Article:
Hi @Aragorn, I tried the first command in the GRUB rescue shell but it didn't work for me, here is the details....

 Welcome to GRUB!
error: unknown filesystem.
Entering rescue mode...

grub rescue> search -f /boot/intel-ucode.img --set=root
Unknown command search'.

any idea where I went wrong?

should I try the second option now?

Yes, please try that and report back to us. :wink:

thanks again @Aragorn, I booted from Linux Mint LiveUSB and opened terminal window and entered command...

mint@mint:~$   manjaro-chroot
manjaro-chroot: command not found

any idea where I went wrong?

In the link below is the explanation of chrooting and you find the correct syntax for manjaro-chroot as well which is

sudo manjaro-chroot -a

https://wiki.manjaro.org/index.php/Restore_the_GRUB_Bootloader#Chroot_into_your_existing_Manjaro_Installation

I just realised, do I need to mount the manjaro partition first?

$ mount /dev/sda7 /target

No, not needed. All be done by the manjaro-chroot script.

Yes, you booted up from the Mint Live USB, instead of the Manjaro Live USB. Mint doesn't know about the command manjaro-chroot, because that's a Manjaro-specific tool. :wink:

So, boot up with the Manjaro Live USB this time, and then try again, like so...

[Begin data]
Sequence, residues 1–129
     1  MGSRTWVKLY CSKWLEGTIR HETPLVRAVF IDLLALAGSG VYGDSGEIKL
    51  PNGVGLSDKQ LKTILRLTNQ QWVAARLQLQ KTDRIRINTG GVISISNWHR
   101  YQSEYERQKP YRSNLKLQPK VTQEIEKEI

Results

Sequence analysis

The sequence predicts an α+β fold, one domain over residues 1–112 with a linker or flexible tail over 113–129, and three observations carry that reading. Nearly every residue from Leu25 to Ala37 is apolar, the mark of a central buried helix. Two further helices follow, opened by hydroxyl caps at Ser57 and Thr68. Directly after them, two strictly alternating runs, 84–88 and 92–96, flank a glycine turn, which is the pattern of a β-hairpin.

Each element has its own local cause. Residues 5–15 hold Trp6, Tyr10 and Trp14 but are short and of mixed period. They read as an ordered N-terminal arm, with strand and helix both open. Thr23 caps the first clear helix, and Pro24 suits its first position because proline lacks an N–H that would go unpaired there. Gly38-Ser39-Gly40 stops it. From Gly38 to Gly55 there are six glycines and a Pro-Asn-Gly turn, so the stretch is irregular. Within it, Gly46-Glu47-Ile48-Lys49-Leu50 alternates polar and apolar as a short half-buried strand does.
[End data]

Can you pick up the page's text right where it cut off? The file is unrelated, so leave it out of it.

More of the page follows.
manjaro-chroot -a

... as pointed out by @Wollie. :slight_smile:

2 Likes

thanks @Wollie
I am booting with a linux mint live usb, do I need to use a manjaro live usb?

I tried ...

$ sudo manjaro-chroot -a

...but still get 'command not found'

You need a Manjaro Live usb. It's a Manjaro only script.

1 Like

thanks, I just realised that, I'll try to find a usb now :sweat_smile:

1 Like

I have now booted with Manjaro LiveUSB and entered the command in terminal window
$ sudo manjaro-chroot -a

but I'm getting a very long list of same message...

rmdir: failed to remove '/var/lib/os-prober/mount' : Device or resource busy
rmdir: failed to remove '/var/lib/os-prober/mount' : Device or resource busy
rmdir: failed to remove '/var/lib/os-prober/mount' : Device or resource busy
rmdir: failed to remove '/var/lib/os-prober/mount' : Device or resource busy
rmdir: failed to remove '/var/lib/os-prober/mount' : Device or resource busy

any idea what went wrong?

can be hibernation by micro$soft that lock the partition ( not visible or locked )

I don't know what went wrong, but check what the output of the following command says...

mount | grep sda

I got same error messages

I will boot into windows and see if fast boot is enabled after last big update, if it is i will disable it and try again.

one other question, do I need to mount /dev/sda7 before I run the manjaro-chroot -a command?

Yes, Fast Boot must be disabled, and the same thing for Secure Boot in the UEFI firmware. Manjaro will not work with either of those.

No, the manjaro-chroot script will take care of this itself.